Everyone likes to push the limits of shooting range, from movie writers to plinkers to serious 1000 yard shooters with bench rifles. It’s an obsession I share on a hunting level. My self-imposed shooting limit for hunting is 400 yards. At this distance I can blow up a milk jug full of water with consistency. Why a milk jug? Because it is fun and I can see the results instantly when I pull the trigger. Target shooting is much more instructive on what you are doing right or wrong. I target shoot to make sure the gun is putting bullets on the bull’s eye and then fun shoot to make sure I can hit what may need hitting. Accordingly in the off season I like to try to splash mud puddles at an extreme downhill angle, shooting offhand at 250-300 yards. Although I wouldn’t shoot at a deer off hand at this angle and distance, the puddle splashes every time! This fun shooting is always done from field positions. I practice the longest shots from prone with a carefully placed jacket or pack. If I get nervous or the cross hairs aren’t settling down, I don’t shoot. Likewise when hunting, if the deer or the crosshair isn’t absolutely still, I won’t pull the trigger. When I do pull the trigger, things tend to explode.
I have friends that stretch shooting distance farther than I do with solid success. They also spend more time loading and shooting each year. Just be certain that when hunting, you are shooting shots that you can make, and when practicing you are taking some that stretch your abilities.
The basics of stretching your shooting ability are simple. If a gun capable of accurate shooting at 500 yards is within an inch at 100 yards, all you have to do is elevate the sight picture the required distance mentioned on the ballistics chart and hold the crosshairs totally without movement. Use a bigger target at longer ranges to make sure your first shots register and adjust accordingly. Then shoot, shoot, shoot until your comfort level extends past the bench and sandbags and into field conditions.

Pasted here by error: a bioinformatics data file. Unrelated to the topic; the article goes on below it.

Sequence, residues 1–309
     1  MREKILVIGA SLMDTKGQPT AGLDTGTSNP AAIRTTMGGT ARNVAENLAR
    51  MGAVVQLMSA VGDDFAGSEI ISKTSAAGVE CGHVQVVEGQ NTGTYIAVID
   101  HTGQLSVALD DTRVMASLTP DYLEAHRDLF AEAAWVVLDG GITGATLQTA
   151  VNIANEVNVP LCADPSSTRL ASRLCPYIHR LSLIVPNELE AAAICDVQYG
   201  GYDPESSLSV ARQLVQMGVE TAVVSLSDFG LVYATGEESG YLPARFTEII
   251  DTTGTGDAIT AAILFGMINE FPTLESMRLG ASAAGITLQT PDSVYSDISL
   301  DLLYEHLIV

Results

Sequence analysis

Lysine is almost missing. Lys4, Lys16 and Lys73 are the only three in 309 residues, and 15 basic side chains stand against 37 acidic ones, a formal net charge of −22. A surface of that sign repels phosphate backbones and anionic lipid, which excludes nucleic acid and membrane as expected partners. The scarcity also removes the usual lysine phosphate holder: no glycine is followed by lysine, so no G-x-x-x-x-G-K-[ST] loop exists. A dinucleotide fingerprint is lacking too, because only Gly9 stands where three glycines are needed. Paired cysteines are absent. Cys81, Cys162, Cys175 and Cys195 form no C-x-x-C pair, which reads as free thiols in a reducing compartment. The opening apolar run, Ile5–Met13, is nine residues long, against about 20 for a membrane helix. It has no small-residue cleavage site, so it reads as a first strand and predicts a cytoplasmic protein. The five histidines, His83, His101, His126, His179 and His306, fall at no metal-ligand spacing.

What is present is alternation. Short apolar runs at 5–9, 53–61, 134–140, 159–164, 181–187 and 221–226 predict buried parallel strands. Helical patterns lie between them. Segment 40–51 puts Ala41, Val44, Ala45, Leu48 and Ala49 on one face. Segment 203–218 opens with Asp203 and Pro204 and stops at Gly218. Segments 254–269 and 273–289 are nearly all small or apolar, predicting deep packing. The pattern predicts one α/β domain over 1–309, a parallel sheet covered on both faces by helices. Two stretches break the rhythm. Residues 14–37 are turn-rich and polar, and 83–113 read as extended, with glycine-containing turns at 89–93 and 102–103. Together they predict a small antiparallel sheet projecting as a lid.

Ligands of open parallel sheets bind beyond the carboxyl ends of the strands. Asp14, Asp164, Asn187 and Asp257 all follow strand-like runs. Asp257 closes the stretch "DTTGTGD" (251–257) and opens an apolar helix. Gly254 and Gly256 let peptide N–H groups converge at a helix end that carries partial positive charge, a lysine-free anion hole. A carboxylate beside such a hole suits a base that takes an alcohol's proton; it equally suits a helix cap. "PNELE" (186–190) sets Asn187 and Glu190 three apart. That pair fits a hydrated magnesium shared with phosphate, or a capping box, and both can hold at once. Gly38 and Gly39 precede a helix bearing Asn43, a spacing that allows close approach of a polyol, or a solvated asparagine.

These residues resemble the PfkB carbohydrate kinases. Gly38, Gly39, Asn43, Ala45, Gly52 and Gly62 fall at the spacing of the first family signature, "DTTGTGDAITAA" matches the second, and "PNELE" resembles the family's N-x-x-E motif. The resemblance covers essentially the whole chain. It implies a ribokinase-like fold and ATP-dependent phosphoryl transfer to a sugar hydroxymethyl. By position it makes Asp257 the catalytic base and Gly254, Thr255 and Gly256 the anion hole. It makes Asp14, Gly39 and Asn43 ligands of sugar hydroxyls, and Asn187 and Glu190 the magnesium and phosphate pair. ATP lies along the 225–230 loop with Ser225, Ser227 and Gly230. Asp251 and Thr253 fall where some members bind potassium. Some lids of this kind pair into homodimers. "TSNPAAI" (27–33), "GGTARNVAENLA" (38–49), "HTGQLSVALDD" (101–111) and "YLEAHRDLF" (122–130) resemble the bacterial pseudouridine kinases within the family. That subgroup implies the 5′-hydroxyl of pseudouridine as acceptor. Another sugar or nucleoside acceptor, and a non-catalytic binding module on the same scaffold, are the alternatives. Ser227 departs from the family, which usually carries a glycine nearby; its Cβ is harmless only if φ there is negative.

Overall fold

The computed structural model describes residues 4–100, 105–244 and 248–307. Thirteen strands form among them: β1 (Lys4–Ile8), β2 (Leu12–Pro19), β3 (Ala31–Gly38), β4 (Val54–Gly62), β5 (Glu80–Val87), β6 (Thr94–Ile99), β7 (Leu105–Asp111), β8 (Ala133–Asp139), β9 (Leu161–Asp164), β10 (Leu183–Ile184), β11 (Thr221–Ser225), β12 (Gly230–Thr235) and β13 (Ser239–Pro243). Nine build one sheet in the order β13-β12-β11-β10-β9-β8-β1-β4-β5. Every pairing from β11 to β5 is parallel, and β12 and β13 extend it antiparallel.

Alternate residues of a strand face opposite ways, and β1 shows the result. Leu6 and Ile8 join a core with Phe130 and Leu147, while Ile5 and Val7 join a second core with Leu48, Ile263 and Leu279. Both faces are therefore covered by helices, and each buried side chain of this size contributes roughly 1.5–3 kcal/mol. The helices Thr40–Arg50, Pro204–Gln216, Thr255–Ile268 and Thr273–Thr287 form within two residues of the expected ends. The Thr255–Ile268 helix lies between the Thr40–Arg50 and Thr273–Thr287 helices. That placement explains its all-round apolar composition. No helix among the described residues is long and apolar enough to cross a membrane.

Modern rifles give us many options. Serious shooters often have several long range guns and try new rifles as often as possible. I would break it down into a continuum, starting with the center fire .22 caliber pea shooters that have fast speed and great accuracy at mid distances and up to the oh so serious .50 cal bench rifles that spend a lot of time at ranges of 1000 yards and beyond. The mid range rifles I consider hunting rifles starting at .243 for deer and .270 for elk have great accuracy potential within field shooting conditions. Many companies, notably Savage, that used to make hunting grade guns have started to add target grade features to new rifles. The farther out you get, the more every detail matters. Trigger pull for long range guns is key because the trigger pull is the only necessary movement that can take the gun off target once everything else has settled in.
Shooting in the field
The last deer I shot at a long range was 355 yards. I watched the 2 deer in the brush for well over an hour before I took the shot I wanted. At first I was prone, laying over a log and although I was solid, the crosshairs wouldn’t quite settle in. I moved a few feet and wrapped my prone position around a 4’ diameter stump resting on my jacket. When the deer finally stood broadside, my crosshairs were completely still. I could see about 5 milk jugs worth of kill shot and elevated my crosshair just under the top of the deer. The deer had no idea it was being pursued and dropped like a rock.